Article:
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'Hunchback of Notre Dame' review: Much to applaud in this dark Disney treatment

Colin Anderson plays Quasimodo and Gina Naomi Baez

Colin Anderson plays Quasimodo and Gina Naomi Baez is Esmeralda in "The Hunchback of Notre Dame" at the Argyle Theatre in Babylon Village. Credit: Richard Termine

WHAT “The Hunchback of Notre Dame”

WHERE Argyle Theatre, 34 W. Main St., Babylon Village, through Dec. 30

INFO Tickets, from $49,, 844-631-5483

BOTTOM LINE Much to applaud in this dark Disney treatment of the Victor Hugo classic.

  As Disney musicals go, "The Hunchback of Notre Dame" is unusually dark, an almost operatic tale of lust and longing and revenge. It's a brave choice for the Argyle Theatre in Babylon, especially for the new theater's first holiday season when any number of safer, more family friendly selections were available. 

  And while the piece is not without problems (clearly recognized by Disney, which never opened it on Broadway), the Argyle's production, helmed by artistic director Evan Pappas, has much to applaud. Based on the 1833 Victor Hugo novel, more a celebration of the French cathedral than its inhabitants, and the popular 1996 animated film, the musical's heart belongs to Quasimodo, the deformed, nearly deaf bell ringer played with deep conviction and powerfully sung by Colin Anderson.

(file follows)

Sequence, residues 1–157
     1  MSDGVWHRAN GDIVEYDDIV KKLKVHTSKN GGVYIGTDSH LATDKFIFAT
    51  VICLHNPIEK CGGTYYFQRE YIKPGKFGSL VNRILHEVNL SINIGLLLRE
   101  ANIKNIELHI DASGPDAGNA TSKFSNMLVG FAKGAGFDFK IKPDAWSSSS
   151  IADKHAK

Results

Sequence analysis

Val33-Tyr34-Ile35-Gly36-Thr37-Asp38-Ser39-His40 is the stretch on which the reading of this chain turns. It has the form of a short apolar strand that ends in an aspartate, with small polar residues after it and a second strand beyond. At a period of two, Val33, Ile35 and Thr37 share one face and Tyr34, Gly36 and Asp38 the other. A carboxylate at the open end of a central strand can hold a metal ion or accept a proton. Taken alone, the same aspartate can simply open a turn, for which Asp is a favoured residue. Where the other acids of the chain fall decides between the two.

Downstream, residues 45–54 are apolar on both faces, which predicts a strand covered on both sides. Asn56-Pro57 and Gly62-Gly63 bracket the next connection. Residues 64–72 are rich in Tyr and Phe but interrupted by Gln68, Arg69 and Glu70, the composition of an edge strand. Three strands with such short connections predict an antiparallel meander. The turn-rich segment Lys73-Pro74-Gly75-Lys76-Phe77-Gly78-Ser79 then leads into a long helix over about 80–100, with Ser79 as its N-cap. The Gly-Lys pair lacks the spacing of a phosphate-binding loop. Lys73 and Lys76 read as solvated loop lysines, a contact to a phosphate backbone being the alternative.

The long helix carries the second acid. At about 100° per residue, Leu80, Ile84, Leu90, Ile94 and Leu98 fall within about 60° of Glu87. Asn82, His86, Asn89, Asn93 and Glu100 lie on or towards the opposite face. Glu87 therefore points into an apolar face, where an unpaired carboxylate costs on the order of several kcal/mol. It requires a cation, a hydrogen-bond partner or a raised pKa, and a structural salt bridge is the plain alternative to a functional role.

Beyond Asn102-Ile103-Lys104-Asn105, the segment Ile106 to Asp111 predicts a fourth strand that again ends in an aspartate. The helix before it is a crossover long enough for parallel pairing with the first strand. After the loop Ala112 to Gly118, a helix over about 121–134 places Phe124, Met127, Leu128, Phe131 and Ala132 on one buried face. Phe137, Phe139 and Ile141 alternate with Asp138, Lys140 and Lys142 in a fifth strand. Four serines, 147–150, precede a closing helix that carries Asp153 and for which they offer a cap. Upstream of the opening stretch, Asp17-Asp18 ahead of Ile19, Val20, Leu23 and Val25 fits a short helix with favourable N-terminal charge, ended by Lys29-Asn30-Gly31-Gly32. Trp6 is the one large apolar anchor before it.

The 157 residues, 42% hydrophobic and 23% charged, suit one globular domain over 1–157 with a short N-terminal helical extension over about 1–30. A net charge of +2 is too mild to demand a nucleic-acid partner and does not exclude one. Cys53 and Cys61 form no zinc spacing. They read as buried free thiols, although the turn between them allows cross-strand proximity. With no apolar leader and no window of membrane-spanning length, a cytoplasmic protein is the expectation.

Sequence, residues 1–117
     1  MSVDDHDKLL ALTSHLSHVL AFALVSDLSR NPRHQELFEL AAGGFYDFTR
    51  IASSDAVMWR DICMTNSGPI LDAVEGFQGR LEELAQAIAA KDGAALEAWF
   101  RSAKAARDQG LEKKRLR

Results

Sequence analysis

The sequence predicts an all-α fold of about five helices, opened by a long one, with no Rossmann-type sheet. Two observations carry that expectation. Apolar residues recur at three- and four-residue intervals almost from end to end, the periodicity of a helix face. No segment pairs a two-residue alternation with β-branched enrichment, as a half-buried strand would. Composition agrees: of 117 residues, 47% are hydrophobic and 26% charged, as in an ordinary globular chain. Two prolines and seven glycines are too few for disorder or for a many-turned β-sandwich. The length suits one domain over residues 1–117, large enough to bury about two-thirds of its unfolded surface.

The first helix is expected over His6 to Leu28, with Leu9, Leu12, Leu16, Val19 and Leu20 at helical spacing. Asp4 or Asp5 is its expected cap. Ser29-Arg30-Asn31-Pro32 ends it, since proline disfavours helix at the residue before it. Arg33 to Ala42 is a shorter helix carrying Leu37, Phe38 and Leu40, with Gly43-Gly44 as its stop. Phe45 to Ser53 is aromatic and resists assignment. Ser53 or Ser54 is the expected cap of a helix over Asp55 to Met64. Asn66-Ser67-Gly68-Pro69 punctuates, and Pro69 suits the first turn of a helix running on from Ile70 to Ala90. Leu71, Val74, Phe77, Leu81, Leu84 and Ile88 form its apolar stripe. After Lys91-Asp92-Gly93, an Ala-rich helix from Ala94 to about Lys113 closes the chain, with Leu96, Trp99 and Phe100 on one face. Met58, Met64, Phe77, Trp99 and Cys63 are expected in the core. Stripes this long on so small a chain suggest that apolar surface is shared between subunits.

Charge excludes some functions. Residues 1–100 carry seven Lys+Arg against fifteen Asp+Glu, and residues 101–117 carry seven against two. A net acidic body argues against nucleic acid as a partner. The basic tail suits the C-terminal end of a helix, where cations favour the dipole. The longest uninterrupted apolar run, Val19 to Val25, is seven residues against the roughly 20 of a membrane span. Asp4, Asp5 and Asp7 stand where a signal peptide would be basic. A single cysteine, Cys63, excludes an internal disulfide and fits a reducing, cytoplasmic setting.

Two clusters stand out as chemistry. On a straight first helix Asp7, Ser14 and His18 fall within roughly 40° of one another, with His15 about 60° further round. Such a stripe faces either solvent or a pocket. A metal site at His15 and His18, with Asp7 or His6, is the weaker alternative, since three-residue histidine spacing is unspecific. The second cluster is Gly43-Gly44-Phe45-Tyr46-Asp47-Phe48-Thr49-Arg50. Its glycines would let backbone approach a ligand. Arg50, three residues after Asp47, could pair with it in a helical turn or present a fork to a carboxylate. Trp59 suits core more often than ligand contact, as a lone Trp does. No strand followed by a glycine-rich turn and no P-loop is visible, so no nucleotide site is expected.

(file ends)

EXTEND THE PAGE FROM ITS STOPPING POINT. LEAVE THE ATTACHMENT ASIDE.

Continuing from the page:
This being Disney, you get the requisite villain, the conflicted archbishop Dom Claude Frollo (Ryan Speakman), the dashing army hero Phoebus (Leland Burnett), and while there's no true princess, the fiery Gypsy Esmeralda (Gina Naomi Baez) is a mesmerizing force to which each of these men is drawn in an improbable, ultimately tragic, love quadrangle. The ensemble is spot on when playing the congregants and Gypsies and, especially, the stone gargoyles who are Quasimodo's only friends, but when they speak directly to the audience to advance the narrative, it's more like an interruption. 

  Much of the success of "Hunchback" rests on the score — music by Alan Menken, lyrics by Stephen Schwartz. While there's no hit along the lines of "Let It Go," the songs are lovely, notably the ecclesiastical choral work performed by a rotating choir of student singers from the Long Island Musical Theatre Festival. The production is striking, with a towering two-story set (Front Row Theatrical) representing the cathedral's bell tower, dramatic lighting by Graham Kindred and authentic costumes by Alan Berkoski.  As in past productions, there were sound issues the night I attended, detracting from the overall production values.

  But no matter how gorgeous, the story is the driving force. As Pappas points out in his director's note, it's one that, despite its 19th century source material, has relevance today. Frollo's insistence on ridding Paris of the Gypsy band brings to mind immigration issues worldwide, Esmeralda has an obvious #MeToo moment, and who is Quasimodo if not a hapless soul bullied almost to death because he doesn't look like everyone else. So while this may not be your typical holiday fare, there is a valuable message of humanity's inhumanity, summed up best by the finale. "What makes a monster," the chorus sings, "and what makes a man?" 

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